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A child with a writing disability, particularly an expressive language disorder, might be unable to compose complete, grammatical sentences.
Receptive language problems rarely occur alone; usually they are accompanied by at least some degree of expressive language disorder. The condition often is misdiagnosed as attention problems, behavioral problems, or hearing problems.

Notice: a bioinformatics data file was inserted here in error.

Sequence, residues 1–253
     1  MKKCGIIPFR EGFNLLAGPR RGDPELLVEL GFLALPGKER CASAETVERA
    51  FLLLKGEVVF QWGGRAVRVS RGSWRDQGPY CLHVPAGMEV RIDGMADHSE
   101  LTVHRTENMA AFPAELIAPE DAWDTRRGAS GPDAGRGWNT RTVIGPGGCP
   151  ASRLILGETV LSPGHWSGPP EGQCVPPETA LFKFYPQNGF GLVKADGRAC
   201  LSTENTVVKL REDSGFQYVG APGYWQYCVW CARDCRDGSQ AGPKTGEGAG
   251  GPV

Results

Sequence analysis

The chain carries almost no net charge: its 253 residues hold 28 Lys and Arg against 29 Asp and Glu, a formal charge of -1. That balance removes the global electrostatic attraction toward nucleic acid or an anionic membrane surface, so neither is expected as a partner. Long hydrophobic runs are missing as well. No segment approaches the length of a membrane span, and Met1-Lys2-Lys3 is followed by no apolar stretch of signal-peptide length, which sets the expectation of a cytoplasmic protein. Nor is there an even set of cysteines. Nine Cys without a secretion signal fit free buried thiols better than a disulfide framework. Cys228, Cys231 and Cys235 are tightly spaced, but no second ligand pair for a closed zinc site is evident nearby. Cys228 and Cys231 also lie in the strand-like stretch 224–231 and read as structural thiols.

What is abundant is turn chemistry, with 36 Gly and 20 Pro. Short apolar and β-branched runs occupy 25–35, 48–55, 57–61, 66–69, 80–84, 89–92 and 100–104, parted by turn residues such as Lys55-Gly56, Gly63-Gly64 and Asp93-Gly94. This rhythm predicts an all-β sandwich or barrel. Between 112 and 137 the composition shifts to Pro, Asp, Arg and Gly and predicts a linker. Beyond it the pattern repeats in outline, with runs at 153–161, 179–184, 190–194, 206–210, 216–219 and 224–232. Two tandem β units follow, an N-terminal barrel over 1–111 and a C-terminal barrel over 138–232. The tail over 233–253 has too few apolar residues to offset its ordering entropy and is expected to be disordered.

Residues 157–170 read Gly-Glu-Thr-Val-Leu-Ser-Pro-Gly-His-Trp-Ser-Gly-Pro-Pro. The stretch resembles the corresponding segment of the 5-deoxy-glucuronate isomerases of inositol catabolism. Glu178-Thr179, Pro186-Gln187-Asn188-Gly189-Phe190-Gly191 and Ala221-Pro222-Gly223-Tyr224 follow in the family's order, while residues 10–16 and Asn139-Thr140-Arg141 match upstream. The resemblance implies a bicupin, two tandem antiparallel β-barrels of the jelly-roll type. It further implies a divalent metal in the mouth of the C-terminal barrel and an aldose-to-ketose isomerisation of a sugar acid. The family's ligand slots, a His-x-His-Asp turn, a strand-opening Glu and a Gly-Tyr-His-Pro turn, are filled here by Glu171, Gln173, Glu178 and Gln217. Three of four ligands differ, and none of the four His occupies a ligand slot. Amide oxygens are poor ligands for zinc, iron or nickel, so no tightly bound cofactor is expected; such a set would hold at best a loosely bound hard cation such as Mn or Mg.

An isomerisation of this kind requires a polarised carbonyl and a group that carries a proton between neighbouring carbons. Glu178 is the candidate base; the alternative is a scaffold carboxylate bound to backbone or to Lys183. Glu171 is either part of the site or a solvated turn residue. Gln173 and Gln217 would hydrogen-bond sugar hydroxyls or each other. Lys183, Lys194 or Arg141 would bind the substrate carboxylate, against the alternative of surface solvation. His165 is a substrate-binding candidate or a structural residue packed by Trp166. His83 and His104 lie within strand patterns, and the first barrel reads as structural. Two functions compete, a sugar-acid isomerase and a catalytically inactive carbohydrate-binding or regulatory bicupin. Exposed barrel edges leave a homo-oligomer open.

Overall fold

These children are diagnosed with comorbid disabilities, including autism, ADHD/DD, anxiety, depression, epilepsy, receptive and expressive language disorders, Tourette Syndrome and obsessive compulsive disorder.
While definitions are somewhat different and numbers of cases are given rather than percentages, the number of expressive language disorders is greater than receptive cases, and overlap (i.e., combinations) appears common.